Glengarry Glen Ross

The play isn’t so much a tragedy as a searing examination of depleted salesmen trapped in webs of deceit and desperation,

David Mamet’s Pulitzer Prize–winning Glengarry Glen Ross (1983) remains his most famous play, due in no small part to the influence of the star–studded 1992 film version of the work. For die–hard fans of the movie, it’s always a treat when a new production is staged. Sadly, for Hamilton audiences, NorteSur Productions’ current version has been reduced to a limited run of four shows at the Pearl Company Theatre, which is co–producing. The play isn’t so much a tragedy as a searing examination of depleted salesmen trapped in webs of deceit and desperation, and the culture that nurtures them. Mamet presents them to us with neither pity nor condemnation. In his notes, Director David Nash posits his intention to inspire the audience to leave the theatre debating the nuances of Mamet’s characters and who the heroes and villains may actually be. In this he is successful. And he’s aided by a cast that includes some very solid performers. Nash is clearly cognizant of the power of the film as he incorporates a character expressly created for the movie into his version. Film buffs can rejoice that the character of Blake, and his memorable monologue have been inserted ‘in toto’ into this production. Chris Reid imbues the character of Blake with a palpable world–weariness and somewhat underplays his brief role, which isn’t necessarily a bad choice. He has the stagecraft to make the audience listen carefully to his growled sotto voce monologue, but perhaps a little more variety in tone and volume wouldn’t have gone amiss. Mark Ellis as Levene is the clear standout in this cast. Whether emanating frustration from every pore, beaming with temporary triumph or painting vivid word pictures and making the audience see through his eyes, his technique is up to the challenge of Mamet’s raw idiosyncratic dialogue. In fact, he can make it sing, and that’s no small feat. He is so natural and so engrossing that you don’t notice the work going into his performance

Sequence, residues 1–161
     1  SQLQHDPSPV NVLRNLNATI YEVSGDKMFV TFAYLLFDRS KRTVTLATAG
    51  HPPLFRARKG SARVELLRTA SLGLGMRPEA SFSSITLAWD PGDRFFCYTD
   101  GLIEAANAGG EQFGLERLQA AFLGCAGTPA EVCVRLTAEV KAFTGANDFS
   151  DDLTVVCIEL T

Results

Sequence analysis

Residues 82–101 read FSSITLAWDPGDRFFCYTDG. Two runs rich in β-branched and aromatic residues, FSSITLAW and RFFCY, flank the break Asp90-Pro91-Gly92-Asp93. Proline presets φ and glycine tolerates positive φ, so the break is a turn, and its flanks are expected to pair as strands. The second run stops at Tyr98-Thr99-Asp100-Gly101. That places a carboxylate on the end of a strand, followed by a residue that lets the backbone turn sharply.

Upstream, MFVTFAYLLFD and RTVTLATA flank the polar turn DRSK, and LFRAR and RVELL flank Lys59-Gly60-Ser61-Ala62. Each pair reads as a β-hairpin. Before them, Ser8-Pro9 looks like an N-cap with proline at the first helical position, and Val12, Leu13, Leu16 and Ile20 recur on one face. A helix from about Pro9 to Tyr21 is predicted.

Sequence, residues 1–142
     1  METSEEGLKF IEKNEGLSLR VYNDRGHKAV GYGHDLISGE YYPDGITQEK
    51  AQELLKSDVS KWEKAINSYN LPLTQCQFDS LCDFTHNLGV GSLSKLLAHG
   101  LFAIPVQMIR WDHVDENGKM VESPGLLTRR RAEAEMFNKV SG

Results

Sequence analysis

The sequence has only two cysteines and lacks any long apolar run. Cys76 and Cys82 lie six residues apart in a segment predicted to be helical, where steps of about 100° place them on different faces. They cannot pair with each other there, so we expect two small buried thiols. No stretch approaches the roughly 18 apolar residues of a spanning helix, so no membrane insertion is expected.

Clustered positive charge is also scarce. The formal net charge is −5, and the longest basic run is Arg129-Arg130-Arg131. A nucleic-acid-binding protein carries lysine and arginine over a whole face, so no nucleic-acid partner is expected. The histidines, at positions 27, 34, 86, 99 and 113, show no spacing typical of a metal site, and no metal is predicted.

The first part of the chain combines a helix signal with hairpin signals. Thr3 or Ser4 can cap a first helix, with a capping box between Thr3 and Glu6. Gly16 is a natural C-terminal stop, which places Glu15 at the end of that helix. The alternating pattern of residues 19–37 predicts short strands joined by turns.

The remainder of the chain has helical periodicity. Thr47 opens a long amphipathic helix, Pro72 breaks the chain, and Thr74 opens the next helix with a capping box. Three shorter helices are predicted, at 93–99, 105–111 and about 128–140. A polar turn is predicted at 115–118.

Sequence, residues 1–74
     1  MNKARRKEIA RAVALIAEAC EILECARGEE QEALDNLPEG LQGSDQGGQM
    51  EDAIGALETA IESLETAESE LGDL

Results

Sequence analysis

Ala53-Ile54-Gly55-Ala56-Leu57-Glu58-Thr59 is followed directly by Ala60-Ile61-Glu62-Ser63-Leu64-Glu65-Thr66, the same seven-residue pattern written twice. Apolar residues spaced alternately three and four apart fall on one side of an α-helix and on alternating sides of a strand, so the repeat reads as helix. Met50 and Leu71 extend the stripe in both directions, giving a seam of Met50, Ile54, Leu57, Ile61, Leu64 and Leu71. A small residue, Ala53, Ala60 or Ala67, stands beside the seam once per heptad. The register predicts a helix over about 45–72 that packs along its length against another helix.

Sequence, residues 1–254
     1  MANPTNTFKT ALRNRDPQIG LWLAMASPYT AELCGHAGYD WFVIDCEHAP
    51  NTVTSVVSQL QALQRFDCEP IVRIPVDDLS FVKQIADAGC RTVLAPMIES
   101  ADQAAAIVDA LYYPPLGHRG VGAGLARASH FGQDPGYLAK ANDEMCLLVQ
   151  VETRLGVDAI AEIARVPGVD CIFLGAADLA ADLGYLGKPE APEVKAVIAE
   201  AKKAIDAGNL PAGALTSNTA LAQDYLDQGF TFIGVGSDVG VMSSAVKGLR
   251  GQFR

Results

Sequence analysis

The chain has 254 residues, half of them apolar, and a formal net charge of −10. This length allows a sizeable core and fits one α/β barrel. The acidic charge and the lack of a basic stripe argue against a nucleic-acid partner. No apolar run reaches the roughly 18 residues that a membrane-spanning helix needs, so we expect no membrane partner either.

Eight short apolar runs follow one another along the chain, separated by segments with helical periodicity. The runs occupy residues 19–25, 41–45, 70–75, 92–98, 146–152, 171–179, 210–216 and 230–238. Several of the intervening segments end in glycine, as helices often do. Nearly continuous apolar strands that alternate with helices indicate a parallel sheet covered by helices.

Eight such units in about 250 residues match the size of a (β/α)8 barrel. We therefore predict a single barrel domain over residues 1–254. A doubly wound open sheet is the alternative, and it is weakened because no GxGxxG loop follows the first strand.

. It would have been a wonderful boon to the production if he could have given some cast members a quick course in cutting oneself off naturally. Mischa Avarena’s portrait of the immoral Ricky Roma grows as the play progresses and one realizes at a certain point that he’s even more gifted at reacting in group scenes than he is at delivering a long monologue, and he’s no slouch in either department. He makes of the character a delightfully affable douche. And he manages it with such a light touch, that even when scene partners aren’t giving him much to play against, he still shines. It’s a memorable performance that lingers in the mind. As Aaronow, Rod McTaggart crafts a deft portrayal of the aging salesman with low self–esteem. In fact, he goes even further and envisions him as quite out of his depth, almost lost in a miasma of confusion and fear. The added layer of interpretation works well. I found myself intrigued by Director Nash’s decision to cast a woman in the role of Williamson, the office manager. As the person holding all the real estate leads, the gender switch changes the dynamic in the office and puts a different slant on the element of disrespect in which the character is held by the salesmen. Kayla Gambrill brings a different kind of energy to the role and her take may have won me over, but for her tendency to grimace. The mugging, while producing cheap laughs, detracted from the force of her intent and had me wondering what the character’s motivation could possibly be. As the office loudmouth, Moss, Joel Pettigrew does a great deal of unfocused flailing about. Although the character is a hothead, resentful enough to try to bring about the company’s downfall, he needs some finesse to emerge as more than a cartoon. Similarly, I found the director’s vision for the character of Lingk somewhat baffling. While meant to be a timid and easily manipulated dupe for Roma, actor John Patrick has been directed to play him almost as being somewhere on the spectrum. It was too much, and I felt that Patrick could have provided a more effective performance without the highly exaggerated fragility. Still, for the most part this production has much to recommend it and it’s a loss to audiences that its run was unexpectedly shortened. V

by David Mamet
NorteSur Productions and the Pearl Company

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